Academic Integrity Matters

What is Academic Integrity?

The term "Academic integrity" describes the values that are essential to the pursuit of scholarship and participation in an educational community: honesty, trust, fairness, respect and responsibility. In order for ideas to develop and thrive, there needs to be an open conversation a mong faculty, students and staff that clearly acknowledges the ideas expressed by each contributor. All members of the university community must create and support an environment that fosters academic integrity. In addition, maintaining the values of acad emic integrity protects the value of the University of Toronto degree.

Code of Behaviour

The Code of Behaviour on Academic Matters protects academic integrity at the University. Some examples of offences that are sanctioned under the Code include:

  • Plagiarism - Using the words or ideas of another person without citing the source
  • Unauthorized Aids – Using unauthorized aids, which could be considered cheating on tests and exams
  • Unauthorized Assistance - Having someone else do the work for you • Forgery or falsification
  • Making a false statement, presenting a false document or signing someone else’s name on a document required by the University.
  • Personation - Having someone else write an exam for you or writing an exam for someone else
  • Concocting - Using false data or providing false references
  • Self-Plagiarism - Submitting work for credit in a course when you have submitted it in another course

Student’s Role in Understanding Academic Integrity at UTSC

High schools and Universities may vary in how they view plagiarism. Behaviour that may have been acceptable in some previous institutions may not be acceptable at the University of Toronto. For example, in some places, copying information from a textbook that is widely used without citing its reference or giving it credit is considered quite acceptable, but this would not be accepted at the University of Toronto.

Do you believe that memorization is a valuable scholarly activity?

Sometimes memorization is necessary for terms and facts that must be known. For example, dates in history or names of parts of the body or formulas are important to know. However, along with memorization the learner must be able to critically think about the application of this knowledge and be able to engage in analysis. Critical thinking and integration of content with analysis is highly valued.

Does academic writing involve reading background information by other authors and gathering facts and opinions about the topic?

In general, reading additional background sources and information is a common practice at University of Toronto. Gathering facts and ideas and differing opinions about the topic will allow you to deeply understand the topic. This process stimulates critical thinking about the topic and you may agree or disagree with the opinions expressed. This synthesis of information will help you to become a stronger scholar.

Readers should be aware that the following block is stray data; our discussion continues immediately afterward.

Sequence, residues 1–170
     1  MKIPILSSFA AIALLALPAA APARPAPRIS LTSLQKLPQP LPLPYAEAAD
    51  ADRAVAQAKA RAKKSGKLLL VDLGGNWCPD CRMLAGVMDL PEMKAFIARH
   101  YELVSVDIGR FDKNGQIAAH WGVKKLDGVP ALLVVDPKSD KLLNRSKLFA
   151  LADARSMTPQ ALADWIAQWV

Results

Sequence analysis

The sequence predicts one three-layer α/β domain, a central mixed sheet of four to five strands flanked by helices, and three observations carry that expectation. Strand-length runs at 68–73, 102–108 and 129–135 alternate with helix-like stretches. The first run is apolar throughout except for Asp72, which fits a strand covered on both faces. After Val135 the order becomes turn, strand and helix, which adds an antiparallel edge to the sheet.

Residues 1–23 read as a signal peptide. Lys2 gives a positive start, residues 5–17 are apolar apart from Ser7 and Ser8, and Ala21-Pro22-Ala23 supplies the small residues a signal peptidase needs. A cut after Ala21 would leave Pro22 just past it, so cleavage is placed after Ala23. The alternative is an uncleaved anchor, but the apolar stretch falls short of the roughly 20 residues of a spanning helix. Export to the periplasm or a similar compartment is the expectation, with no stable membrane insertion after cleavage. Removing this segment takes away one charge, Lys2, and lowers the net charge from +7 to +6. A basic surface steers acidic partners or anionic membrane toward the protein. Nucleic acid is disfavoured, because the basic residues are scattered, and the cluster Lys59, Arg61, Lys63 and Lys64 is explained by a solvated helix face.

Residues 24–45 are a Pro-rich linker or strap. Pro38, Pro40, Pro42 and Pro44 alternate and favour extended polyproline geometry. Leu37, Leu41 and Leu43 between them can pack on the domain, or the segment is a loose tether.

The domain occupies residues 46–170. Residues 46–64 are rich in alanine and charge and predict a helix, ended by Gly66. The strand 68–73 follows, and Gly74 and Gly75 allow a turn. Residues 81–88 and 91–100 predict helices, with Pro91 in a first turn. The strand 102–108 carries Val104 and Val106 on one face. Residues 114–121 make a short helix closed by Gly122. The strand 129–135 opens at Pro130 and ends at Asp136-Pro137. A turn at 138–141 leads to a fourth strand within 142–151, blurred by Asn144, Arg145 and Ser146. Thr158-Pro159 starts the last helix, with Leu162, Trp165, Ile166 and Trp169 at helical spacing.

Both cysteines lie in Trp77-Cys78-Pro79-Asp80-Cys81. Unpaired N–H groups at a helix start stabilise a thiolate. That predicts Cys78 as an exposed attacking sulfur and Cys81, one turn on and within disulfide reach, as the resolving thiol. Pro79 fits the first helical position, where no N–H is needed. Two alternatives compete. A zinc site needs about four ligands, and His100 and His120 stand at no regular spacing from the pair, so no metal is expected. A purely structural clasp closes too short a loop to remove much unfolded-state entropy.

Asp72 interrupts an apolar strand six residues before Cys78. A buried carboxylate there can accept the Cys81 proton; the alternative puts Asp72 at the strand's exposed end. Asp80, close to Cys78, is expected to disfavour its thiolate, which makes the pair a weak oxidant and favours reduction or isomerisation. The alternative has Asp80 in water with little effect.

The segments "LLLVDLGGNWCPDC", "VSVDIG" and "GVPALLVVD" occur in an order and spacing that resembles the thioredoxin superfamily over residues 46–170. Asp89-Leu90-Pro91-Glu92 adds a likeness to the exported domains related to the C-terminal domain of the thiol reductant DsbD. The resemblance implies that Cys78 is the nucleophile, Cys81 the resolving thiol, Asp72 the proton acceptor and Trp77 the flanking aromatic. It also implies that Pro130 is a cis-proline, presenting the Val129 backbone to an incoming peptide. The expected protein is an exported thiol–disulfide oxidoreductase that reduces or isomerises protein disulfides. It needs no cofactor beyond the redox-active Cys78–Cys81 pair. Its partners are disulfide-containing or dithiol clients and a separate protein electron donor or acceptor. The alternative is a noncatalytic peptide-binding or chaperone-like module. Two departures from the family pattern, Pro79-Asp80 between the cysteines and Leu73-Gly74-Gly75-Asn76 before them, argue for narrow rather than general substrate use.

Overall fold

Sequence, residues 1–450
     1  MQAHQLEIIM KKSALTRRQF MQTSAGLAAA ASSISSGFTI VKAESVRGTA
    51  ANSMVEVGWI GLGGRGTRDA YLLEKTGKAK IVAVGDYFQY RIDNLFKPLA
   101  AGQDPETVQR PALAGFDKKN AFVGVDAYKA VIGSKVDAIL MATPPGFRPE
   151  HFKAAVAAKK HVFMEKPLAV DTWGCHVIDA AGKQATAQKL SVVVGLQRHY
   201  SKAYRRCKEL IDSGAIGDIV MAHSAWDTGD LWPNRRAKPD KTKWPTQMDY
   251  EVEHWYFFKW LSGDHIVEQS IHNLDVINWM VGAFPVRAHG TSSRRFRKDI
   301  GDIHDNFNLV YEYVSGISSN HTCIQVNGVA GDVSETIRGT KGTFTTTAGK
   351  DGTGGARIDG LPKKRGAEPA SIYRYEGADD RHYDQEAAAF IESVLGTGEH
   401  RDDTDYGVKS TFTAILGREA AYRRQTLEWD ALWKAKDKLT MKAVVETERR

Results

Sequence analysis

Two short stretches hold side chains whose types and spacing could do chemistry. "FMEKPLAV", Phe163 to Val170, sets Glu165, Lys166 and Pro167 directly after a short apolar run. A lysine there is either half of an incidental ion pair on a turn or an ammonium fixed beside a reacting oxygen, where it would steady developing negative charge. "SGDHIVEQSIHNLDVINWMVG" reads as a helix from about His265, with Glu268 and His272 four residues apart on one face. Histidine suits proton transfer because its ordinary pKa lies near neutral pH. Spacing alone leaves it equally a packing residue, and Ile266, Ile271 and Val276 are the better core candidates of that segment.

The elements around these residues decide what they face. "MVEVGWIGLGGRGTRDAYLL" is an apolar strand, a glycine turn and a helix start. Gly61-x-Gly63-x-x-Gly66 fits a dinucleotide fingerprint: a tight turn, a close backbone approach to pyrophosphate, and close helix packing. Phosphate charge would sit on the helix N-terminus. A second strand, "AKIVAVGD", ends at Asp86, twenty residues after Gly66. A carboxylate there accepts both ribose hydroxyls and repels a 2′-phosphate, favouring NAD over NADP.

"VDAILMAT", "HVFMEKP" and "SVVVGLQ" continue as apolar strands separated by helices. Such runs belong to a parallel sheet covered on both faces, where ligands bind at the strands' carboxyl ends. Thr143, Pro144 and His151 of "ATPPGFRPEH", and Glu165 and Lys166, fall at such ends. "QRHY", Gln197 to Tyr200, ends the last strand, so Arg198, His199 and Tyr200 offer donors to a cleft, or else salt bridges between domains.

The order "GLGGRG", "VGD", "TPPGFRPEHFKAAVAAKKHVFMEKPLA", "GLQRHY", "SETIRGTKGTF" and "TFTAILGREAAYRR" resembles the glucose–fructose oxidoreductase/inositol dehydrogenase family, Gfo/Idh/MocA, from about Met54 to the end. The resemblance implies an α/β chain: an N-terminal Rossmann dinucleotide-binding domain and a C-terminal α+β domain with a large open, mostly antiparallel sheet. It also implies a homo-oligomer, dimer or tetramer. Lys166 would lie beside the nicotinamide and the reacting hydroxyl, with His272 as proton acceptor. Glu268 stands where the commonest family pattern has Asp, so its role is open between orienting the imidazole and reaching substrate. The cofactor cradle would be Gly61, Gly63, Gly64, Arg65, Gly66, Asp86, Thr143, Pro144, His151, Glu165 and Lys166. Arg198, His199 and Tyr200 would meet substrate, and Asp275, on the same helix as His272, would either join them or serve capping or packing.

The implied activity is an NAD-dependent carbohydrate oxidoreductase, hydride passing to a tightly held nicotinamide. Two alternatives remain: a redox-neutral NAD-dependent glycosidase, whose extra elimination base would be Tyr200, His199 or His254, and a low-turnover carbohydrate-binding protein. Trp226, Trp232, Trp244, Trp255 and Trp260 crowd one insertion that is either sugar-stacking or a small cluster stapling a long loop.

Some Tips on How to Avoid Academic Offences

  • Do not share work electronically between friends or classmates. Remember that if you have shared work electronically and it is plagiarized by your partner, you can both be held responsible by the University.
  • If the idea of a topic comes from a friend in a casual conversation, this must also be cited so that you can give credit to your friend. The friend may also use the same idea but evolve it in a different way and must also acknowledge the discussion that the two of you have had.
  • Do not submit the same paper for two different courses. This is considered self-plagiarism. You have already received credit and feedback for the paper, which gives you an advantage over your peers. If you are interested in exploring the same topic in another course, be honest and discuss your idea with the professor. Perhaps you and the professor can arrive at another approach on the same topic allowing you to gain more knowledge and learn new material.
  • Cell phones or any other electronic device (unless otherwise stated) are considered unauthorized aids in an examination or test setting. Some calculators are considered unauthorized aids, so be sure to check the requirements with your professor.

Time management and Motivation

  • Managing your time will allow you to finish your work ahead of schedule so that there is time remaining to get the work reviewed by the Writing Centre and to act on the feedback given.
  • Create and work towards achievable goals. Setting realistic goals can enhance motivation, which will increase the likelihood of getting task done on time.
  • Reduce procrastination. Procrastination is unnecessary delay in getting to the important tasks that needs to be completed. One strategy to reduce procrastination is called the “5 Minute Plan”. Starting the task even if only for 5 minutes can help to reduce resistance towards the task and boost motivation, leading to successful and timely completion of the task.

References:
Hayes, N., & Introna, L. D. (2005). Cultural values, plagiarism, and fairness: When plagiarism gets in the way of learning. Ethics & Behavior, 15 (3), 213–231.

International Centre for Academic Integrity. (2014). Fundamental Values Project. Retrieved from http://www.academicintegrity.org/icai/resources-­‐2.php

Office of Academic Integrity, UTSC. (2010). Top 5 tips to help avoid carelessly committing an academic offence during your exams. Retrieved from http://ose.utsc.utoronto.ca/ose/story.php?id=2406

University of Toronto Governing Council. (1995). Code of Behaviour on Academic Matters. Retrieved from http://www.governingcouncil.utoronto.ca/Assets/Governing+Council+Digital...